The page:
Also on the Power Plant’s ground floor there is Hypnagogia, by Joachim Koester. The word and title Hypnagogia refers to the threshold between consciousness and sleep. In such a state, one ceases to think or analyse and consequently just does what is already internalized. Such somnambulists achieve freedom through obedience, one might say. Three works comprise this installation. They refer to automatic writing and art-making, to dancers enacting symptoms of a spider’s bite, and to movements generated by the teachings of Carlos Castaneda. These works are at least as drug-influenced as those by Ryan Trecartin, but Koester’s referenced drug is mescaline or peyote ¾ a thinking person’s psychedelic. My Frontier is an Endless Wall of Points (after the mescaline drawings of Henri Michaux) evokes not only automatic drawing but also editing. I more than suspect Trecartin edits himself into trance territory, as well might Koester, at least with regards to this particular work. However, the latter artist spares us the soundtrack, and is all the more effective for doing so.

The top floor is reserved for a seminal older work and more recent works by Peter Campus. This artist is one of the proto-explorers of video’s formal properties ¾ he is particularly interested in the relatively nascent medium’s relationships to gallery space and its effect upon its audiences (gallery rather than theatrical audiences). Reflections and Inflections consists of two works in two separate rooms. Anamnesia (1974) encourages audiences or viewers to approach a mirror and see themselves, but with both a delayed original (self) image and a duplicate. I myself was wary of this piece, which seems to share parallels with Dan Graham’s earlier mirror-centric work. I am one of those people who does not attend art galleries to see myself mirrored ¾ certainly not literally and usually not metaphorically. However, when I had the gallery to myself, I found myself composing a little dance piece with myself and my sort of doppelganger. I could look beyond my unflattering image to see my body as material that could be (self) manipulated. And the newer piece in the other upstairs room ¾ light and colour around Ponquogue Bay (2009) ¾ is exactly that. It is six rectangular colourful landscape “paintings” into which the artist has inserted various digital rectangles that play havoc with the works’ surfaces. The backgrounds and foregrounds become intertwined, as the landscapes are themselves revealed to be digital representations of “nature”.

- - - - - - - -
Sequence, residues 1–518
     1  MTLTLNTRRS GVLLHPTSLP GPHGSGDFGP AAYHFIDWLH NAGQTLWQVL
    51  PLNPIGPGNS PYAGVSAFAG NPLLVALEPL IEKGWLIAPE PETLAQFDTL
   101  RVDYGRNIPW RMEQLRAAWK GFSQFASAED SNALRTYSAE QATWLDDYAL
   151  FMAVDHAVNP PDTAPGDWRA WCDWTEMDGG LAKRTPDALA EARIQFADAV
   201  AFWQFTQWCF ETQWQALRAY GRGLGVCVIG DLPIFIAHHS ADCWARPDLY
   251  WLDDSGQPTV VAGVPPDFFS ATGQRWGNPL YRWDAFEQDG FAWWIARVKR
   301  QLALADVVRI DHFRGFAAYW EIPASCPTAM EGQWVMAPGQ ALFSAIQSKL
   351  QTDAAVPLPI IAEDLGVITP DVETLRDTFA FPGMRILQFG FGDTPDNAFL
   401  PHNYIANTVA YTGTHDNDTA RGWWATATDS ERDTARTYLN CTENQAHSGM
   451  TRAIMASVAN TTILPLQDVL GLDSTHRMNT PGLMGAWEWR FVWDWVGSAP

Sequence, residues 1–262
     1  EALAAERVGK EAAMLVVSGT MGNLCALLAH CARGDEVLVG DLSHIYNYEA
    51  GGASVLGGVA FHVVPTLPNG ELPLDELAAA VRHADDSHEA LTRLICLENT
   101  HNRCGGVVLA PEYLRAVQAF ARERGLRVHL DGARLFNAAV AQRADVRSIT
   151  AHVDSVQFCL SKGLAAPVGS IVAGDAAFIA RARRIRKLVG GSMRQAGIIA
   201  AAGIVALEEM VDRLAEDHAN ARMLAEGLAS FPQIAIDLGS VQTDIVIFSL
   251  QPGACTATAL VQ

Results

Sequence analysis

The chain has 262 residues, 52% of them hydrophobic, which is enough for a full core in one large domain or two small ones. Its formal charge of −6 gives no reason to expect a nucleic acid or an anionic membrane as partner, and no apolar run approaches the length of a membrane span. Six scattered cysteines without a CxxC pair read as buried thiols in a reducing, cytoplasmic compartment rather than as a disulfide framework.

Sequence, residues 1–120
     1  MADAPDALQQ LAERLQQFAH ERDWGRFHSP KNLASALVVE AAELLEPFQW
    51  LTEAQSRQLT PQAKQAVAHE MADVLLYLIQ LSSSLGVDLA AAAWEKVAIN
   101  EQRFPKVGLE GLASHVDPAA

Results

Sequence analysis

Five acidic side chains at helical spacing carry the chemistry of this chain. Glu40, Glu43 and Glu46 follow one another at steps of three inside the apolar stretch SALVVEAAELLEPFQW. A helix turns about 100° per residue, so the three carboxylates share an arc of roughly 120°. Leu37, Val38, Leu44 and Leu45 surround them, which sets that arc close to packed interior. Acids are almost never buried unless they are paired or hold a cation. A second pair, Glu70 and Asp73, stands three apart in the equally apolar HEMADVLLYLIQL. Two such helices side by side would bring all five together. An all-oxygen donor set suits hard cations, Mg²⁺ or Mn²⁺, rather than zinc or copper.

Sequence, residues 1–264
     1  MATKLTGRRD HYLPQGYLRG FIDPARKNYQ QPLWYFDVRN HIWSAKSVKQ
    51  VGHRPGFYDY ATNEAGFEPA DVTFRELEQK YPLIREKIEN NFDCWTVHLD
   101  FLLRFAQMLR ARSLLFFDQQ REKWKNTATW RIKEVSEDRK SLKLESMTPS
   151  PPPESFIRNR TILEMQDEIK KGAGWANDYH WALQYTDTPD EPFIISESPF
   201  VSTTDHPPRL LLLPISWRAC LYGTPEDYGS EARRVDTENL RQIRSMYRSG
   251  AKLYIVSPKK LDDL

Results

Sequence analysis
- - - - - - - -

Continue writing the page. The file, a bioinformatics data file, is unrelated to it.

One could say that Peter Campus encourages viewers to see themselves in the mirror, while Ryan Trecartin arguably sets up mirror structures and then denies self-recognition (except for those who do recognize their fragmented selves). One could say that Campus conflates community with audience ¾ in contrast with Lockhart’s geographical/empirical use of the noun and Trecartin’s cyber-digital cubicle network. And Koester seems to be quite preoccupied with ritual, and also the willingness to surrender. All four installations refer to consent and agreement and contracts. You may be reflected in either a flattering but most likely an unflattering light, suggests Campus. You may observe these children at play but you must not impose on them since I have not, commands Lockhart. You may choose to go further with what I am presenting to you and enter a delirious zone on that wonderful fault line between sleep and consciousness, offers Koester. And you have entered my containers or my landscape or digitalia and you must have fun because you really have no other choice, according to Ryan Trecartin. Welcome to the funhouse, indeed!